Many people live in areas where colorful agate and jasper can be collected in streams, dry washes and walking the land atop ancient lava flows. Other people live where these materials do not occur. Fortunately, many rock shops and specialty websites sell rocks crushed and sized for rock tumbling. Nice jasper and agate can sell for as little as $5 to $10 per pound. Material with premium color and pattern can cost a little to a lot more. The price depends upon color, pattern and the material's popularity.

Varieties of Quartz

The mineral quartz occurs in all colors of the spectrum. A few of these varieties are long-time favorites for rock tumbling. These include: rose quartz (pink), smoky quartz (brown), amethyst (purple), lemon quartz (yellow), peach quartz (orange) and crystal quartz (clear). The colors are caused by trace amounts of impurities or defects within the crystal structure of the quartz.

Quartz is hard, tough, and usually has a smooth texture. However, it often requires a little more care during tumbling than agate and jasper. The care required is to make sure that the pieces are not tumbled roughly. If there is too much action in the barrel, pieces of quartz can be chipped, bruised or fractured.

This damage can be avoided by filling the tumbler to the proper level and adding small ceramic media, plastic pellets, or small pieces of rough to reduce the severity of impacts in the barrel. (We have an article about tumbling media that explains tumbling media in great detail.)

Aventurine Quartz and Tigerís Eye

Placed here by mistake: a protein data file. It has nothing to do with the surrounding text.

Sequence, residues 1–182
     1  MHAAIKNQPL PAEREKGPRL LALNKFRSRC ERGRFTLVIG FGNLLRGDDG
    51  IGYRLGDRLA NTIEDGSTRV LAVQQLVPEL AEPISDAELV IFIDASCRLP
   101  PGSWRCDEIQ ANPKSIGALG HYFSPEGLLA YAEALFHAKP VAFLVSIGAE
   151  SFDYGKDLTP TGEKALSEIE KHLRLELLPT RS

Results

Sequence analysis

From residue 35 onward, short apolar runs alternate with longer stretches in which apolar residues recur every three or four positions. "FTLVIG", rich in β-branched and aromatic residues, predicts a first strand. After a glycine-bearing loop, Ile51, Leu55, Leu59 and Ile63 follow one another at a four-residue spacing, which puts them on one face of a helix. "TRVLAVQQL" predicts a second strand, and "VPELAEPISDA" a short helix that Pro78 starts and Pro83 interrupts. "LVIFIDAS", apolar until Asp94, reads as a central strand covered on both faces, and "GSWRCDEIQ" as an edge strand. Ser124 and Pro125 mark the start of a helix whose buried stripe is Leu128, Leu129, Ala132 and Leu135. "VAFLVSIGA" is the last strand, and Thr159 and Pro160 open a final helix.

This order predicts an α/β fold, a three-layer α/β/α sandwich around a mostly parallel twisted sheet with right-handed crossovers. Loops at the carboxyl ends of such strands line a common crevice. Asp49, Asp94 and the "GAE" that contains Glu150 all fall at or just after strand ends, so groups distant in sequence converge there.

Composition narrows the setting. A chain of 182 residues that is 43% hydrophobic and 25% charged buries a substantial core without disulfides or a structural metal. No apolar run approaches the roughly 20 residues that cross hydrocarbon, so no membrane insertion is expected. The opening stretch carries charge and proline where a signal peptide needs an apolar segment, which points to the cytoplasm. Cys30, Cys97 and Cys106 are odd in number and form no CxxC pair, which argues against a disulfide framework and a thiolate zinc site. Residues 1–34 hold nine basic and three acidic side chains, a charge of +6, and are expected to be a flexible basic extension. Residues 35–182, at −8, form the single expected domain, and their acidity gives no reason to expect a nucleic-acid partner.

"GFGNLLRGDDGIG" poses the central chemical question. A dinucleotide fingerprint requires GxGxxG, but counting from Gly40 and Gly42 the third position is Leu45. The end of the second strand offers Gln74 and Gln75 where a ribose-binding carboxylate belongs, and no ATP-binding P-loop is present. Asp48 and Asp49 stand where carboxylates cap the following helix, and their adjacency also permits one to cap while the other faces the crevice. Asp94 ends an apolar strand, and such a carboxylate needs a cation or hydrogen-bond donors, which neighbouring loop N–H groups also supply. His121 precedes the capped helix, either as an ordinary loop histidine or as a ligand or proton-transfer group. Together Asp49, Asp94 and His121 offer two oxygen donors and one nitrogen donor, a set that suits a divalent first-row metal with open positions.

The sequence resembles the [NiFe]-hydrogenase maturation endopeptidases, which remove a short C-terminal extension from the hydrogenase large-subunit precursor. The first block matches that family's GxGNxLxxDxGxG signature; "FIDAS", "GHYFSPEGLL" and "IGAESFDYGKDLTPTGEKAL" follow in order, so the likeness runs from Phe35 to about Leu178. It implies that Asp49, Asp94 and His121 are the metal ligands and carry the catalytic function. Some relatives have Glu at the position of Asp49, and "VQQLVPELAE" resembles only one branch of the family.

Some specimens of quartz contain inclusions. Aventurine is a good example. It contains tiny particles of mica. Light entering the stone strikes the mica particles and reflects from them. This gives aventurine a sparkling luster. Aventurine has the characteristics of a good tumbling rough and produces nice tumbled stones. Aventurine usually costs about the same as nice agate and jasper but you can spend a lot more on premium materials.

Tiger's eye forms when the mineral crocidolite is replaced by quartz. Crocidolite is a fibrous material and the parallel quartz replacements reflect light. Round polished pieces of tiger's reflect light like a chatoyant "eye". Many people think these eyes resemble the eyes of a cat. That is how tiger's eye received its name.

The varieties of quartz mentioned above are often seen for sale as tumbling rough. They are usually inexpensive, costing between $10 and $15 per pound for prepared rough. Rough of premium color and condition sells for significantly more.

Tumbling Rough from Your Lawn and Garden Supply

Your local lawn and garden supply and the outdoor department at Walmart, Lowes, and Home Depot sometimes sell rocks that can be polished in a rock tumbler. We have purchased crushed granite, basalt cobbles, and quartzite "river stone" and polished them in a tumbler. If you like to tumble these materials the rough can cost less than $1 per pound.

Size of Tumbling Rough

Pieces of rough used for tumbling usually range in size between 1/4 inch and 3 inches in size. Small tumblers with a two or three pound capacity barrel work best when tumbling rough up to about 1 1/2 inch in size. Tumblers with a six to twelve pound capacity barrel can tumble rocks that are up to about 2 1/2 inches in size. Only two or three large rocks should be added to a load.

Some people collect or purchase large pieces of rough that weigh several pounds each. These large pieces of hard, tough rock are difficult and dangerous to break. We don't recommend that activity, even to people who have lots of rock-breaking experience.

We recommend collecting or purchasing rocks that are properly sized for your tumbler. Lots of rock shops and websites sell rock that is specially sized for tumbling. Nice tumbling rough is also offered for sale at many gem and mineral shows.

If you have large pieces of rough the best way to reduce their size is to take them to a rock shop with a rock crusher or a rock trimmer. Some rock shops will crush a few pounds of rocks for a fee of a few dollars. You will get back a bucket that contains your crushed rock. You can then take it home, wash it, inspect the pieces, and discard those that are poor candidates for tumbling. Some waste and undersized rock should be expected.

Before You Collect Tumbling Rough